The level of the task did make Fechter nervous, but she did not shy away from the challenge: “My biggest fear was the reaction of the senior members of the academy. I was unsure how they would react because I am just a brown belt and I didn’t want to step on anyone’s toes.” said Gabriela, who soon understood she was more respected that she realized. “I’ve always trained on every schedule, 7am, 10:30am, 12pm, 4pm and 8pm, so I knew everyone well and I think people did indeed value me. I wasn’t one of those who says they want it, but isn’t willing to go the distance. They saw me every day on the mats, training in pain, crying, exhausted, but I am always here.” She went on to conclude that “I guess I was already there, helping out anywhere I could, clearing doubts about positions and helping at the tournaments. I conquered my place among them like this, working hard on the mats”.
Even though Master Ricardo Vieira is always a phone call away, still sets the curriculum and pays attention to the classes from a distance through webcams, Gabriela’s unique position is incredibly demanding and scrutinized. As such, when a senior black belt pays a complement or asks Gabi to be on his corner at a tournament, the information/request is always received with a great degree of satisfaction and flattery: “I am very thankful when I get asked to be on a black belt’s corner, ‘you know my game, you know a lot about strategy and you can challenge the ref. as you know the rules very well’ I’ve been told (…) I think also the fact that my voice is so different from that of the usual BJJ crowd, which is mainly men, makes it easier for the athlete to channel in on my instructions”.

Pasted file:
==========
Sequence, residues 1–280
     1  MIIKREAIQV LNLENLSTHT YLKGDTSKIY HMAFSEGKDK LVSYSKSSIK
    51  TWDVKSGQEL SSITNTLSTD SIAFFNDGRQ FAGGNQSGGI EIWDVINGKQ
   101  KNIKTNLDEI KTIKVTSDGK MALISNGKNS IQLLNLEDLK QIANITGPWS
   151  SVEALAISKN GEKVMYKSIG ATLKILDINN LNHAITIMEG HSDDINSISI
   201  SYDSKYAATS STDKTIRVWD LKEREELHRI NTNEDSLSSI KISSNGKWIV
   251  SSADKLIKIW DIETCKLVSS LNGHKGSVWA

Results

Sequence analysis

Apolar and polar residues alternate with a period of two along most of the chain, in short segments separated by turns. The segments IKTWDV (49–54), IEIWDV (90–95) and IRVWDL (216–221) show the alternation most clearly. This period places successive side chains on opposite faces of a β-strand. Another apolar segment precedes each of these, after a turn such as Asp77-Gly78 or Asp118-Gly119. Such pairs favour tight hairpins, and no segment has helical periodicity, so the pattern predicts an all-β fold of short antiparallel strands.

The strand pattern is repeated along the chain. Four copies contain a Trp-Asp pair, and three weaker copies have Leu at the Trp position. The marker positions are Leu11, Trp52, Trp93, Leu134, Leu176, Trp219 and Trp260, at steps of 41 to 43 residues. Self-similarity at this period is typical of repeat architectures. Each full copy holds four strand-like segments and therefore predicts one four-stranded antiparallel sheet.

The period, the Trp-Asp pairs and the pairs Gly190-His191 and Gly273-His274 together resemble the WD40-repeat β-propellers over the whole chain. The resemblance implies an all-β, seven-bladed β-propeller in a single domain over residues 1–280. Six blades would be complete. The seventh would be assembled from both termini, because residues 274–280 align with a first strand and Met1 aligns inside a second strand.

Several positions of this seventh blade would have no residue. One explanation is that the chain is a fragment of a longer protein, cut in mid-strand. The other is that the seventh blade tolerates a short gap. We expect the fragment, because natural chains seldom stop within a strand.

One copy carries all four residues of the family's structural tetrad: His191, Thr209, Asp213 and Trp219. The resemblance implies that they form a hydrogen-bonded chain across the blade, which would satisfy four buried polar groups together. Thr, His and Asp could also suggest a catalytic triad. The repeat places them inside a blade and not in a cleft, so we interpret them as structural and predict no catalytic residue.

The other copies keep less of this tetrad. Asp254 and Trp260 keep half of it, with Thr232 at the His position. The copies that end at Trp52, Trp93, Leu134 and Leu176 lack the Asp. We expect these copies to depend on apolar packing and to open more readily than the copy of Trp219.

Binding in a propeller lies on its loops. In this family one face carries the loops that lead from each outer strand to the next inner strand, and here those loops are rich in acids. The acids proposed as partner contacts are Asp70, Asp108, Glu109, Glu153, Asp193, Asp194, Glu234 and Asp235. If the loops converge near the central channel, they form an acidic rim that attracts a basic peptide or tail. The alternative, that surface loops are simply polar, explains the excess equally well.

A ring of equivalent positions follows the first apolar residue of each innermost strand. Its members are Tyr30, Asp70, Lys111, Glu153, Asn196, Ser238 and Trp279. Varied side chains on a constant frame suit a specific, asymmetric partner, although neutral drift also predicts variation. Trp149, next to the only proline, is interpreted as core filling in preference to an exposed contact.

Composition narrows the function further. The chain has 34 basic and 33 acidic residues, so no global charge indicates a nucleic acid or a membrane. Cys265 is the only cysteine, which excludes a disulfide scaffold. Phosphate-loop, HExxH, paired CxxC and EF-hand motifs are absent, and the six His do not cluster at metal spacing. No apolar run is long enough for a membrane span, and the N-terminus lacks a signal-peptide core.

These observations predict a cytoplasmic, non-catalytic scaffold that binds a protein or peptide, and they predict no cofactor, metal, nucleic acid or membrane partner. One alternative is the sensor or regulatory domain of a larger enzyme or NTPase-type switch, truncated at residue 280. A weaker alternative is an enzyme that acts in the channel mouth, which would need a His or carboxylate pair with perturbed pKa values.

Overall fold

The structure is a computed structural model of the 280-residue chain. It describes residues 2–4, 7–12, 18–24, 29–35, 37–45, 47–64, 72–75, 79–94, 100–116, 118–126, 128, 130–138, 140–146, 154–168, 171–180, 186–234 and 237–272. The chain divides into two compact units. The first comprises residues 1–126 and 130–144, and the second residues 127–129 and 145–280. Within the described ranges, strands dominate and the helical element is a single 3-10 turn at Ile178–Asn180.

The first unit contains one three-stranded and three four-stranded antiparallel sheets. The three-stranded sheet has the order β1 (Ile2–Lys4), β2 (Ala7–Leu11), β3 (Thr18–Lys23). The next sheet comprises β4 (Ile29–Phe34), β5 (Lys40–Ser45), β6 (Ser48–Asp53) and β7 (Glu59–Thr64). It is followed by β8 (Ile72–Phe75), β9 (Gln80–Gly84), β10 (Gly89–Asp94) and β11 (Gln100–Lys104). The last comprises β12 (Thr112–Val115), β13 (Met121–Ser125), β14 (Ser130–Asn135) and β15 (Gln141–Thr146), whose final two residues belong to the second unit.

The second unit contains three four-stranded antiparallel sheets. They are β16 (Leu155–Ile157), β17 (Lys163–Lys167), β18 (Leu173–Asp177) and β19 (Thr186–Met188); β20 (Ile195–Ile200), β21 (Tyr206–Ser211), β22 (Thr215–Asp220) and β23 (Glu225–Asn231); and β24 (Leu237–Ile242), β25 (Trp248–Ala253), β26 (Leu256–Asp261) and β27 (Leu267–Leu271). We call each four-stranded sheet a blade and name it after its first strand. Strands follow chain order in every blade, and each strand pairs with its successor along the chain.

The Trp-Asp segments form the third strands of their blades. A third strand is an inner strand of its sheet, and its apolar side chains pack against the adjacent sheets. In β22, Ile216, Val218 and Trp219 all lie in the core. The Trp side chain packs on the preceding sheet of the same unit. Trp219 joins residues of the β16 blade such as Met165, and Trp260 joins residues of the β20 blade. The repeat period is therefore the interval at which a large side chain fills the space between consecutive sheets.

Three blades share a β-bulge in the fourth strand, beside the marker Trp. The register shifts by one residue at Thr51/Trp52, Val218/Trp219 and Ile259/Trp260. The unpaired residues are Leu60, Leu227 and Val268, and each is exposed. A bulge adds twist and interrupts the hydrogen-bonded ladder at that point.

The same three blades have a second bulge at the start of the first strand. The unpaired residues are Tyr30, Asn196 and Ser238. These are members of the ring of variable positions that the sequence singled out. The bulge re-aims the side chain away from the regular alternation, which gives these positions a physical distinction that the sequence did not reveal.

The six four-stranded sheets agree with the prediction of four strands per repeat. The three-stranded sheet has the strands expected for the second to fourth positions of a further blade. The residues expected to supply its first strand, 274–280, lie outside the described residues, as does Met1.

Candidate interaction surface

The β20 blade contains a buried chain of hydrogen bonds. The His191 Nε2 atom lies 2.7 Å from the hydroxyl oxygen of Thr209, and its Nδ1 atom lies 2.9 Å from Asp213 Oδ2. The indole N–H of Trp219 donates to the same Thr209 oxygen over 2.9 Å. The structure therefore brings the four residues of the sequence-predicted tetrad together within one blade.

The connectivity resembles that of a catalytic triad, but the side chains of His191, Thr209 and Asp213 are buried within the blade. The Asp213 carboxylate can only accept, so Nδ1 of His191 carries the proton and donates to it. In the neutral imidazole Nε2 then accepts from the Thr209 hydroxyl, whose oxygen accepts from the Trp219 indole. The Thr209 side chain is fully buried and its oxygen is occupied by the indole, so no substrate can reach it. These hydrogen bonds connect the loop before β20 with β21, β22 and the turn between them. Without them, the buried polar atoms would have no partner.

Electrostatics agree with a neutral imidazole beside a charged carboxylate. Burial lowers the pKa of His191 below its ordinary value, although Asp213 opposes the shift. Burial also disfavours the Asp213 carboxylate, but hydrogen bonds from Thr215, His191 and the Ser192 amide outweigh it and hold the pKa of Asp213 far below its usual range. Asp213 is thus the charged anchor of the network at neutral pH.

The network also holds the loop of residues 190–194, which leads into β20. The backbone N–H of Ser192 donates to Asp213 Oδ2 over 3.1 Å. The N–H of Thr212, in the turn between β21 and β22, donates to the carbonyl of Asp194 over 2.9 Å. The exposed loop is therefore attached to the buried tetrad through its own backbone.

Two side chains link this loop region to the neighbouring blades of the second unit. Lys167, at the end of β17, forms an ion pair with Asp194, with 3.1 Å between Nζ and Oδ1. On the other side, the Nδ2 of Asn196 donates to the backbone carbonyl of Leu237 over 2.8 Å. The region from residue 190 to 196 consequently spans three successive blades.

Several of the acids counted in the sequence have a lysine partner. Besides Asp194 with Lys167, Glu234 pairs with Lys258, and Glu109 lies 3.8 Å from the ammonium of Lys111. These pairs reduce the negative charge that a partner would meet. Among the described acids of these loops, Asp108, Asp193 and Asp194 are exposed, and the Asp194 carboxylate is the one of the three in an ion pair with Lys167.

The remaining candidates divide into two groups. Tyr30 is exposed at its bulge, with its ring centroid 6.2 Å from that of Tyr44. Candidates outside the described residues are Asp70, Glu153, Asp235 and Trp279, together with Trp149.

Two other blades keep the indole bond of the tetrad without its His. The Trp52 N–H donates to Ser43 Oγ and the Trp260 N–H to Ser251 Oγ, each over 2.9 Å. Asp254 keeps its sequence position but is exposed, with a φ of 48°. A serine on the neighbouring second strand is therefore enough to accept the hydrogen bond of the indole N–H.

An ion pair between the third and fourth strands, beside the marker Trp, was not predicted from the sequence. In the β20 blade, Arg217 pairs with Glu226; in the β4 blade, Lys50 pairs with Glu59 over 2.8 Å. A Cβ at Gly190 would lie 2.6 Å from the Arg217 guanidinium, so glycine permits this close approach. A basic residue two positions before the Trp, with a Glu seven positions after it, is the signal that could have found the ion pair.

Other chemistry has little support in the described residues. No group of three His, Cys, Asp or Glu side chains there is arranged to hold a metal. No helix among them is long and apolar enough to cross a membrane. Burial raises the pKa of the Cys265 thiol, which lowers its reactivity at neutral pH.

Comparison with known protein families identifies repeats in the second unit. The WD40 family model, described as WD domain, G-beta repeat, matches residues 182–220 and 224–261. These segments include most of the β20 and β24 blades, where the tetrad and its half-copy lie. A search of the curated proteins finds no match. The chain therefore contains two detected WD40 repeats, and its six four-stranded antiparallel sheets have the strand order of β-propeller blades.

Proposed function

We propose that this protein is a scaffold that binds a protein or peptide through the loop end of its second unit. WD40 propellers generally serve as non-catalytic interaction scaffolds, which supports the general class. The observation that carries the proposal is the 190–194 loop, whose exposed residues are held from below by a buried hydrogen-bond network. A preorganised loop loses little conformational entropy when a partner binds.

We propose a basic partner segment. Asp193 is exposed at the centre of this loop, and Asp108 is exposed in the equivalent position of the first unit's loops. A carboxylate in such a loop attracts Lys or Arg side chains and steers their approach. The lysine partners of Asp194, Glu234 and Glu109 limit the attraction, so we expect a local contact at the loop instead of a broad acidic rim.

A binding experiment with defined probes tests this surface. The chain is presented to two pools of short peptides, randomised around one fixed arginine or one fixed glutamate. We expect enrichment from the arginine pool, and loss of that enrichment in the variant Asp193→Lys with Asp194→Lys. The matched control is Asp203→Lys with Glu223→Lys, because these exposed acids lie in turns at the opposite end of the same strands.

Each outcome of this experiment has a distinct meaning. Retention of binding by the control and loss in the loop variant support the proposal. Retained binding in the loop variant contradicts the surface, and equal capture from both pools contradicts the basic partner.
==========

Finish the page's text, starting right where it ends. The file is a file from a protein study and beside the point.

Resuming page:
The bond felt with her students and peers has been a huge part of Fechter’s life and a reason why she is dead set on staying in Brazil. “I really care for this group, I love knowing about their lives and love to take part socially. If someone misses class I will often message them to know if they are OK. I really love this opportunity, it is one of the things that keeps me closer to Brazil. I have no intentions of leaving because of them. They have lost Ricardinho, I don’t want them to lose me as well. I know many are more of higher rank than me, but I love this workgroup. This is a privilege and an honor, even more so because it is a woman on the lead… and that woman is me! (laughs) No words can express the my gratitude for this role”.
A coaching position, particularly one at a busy, high level gym such as Fight Zone could lead one astray from the tournament scene, but for those fans of watching Gabriela Fechter compete, rest assured this turn towards coaching has not phased her ambitions of one day becoming a black belt world champion: “The competition training is at 10:30 am and I make sure I am always there in a student capacity. There is a lot I want to do in the sport and I am not relinquishing that part of my career.” said Fechter, who believes she is well prepared to tackle both tasks: “My Master, Ricardo, he prepared me very well for this. He was super careful and guided me really well, set me up for success.”
Although the success of female coaches in jiu jitsu is not unheard of, with women such as Leticia Ribeiro and Angelica Galvão being at the forefront of well known American gyms. Today, brown belt Gabriela Fechter is paving the way for female equality in BJJ in a traditionally more hostile environment, working from the ground up at the very source of our martial art. With her traits and the support of her team, the work being done at Fight Zone may lead to a revolution in the social hierarchy seen today in our sport.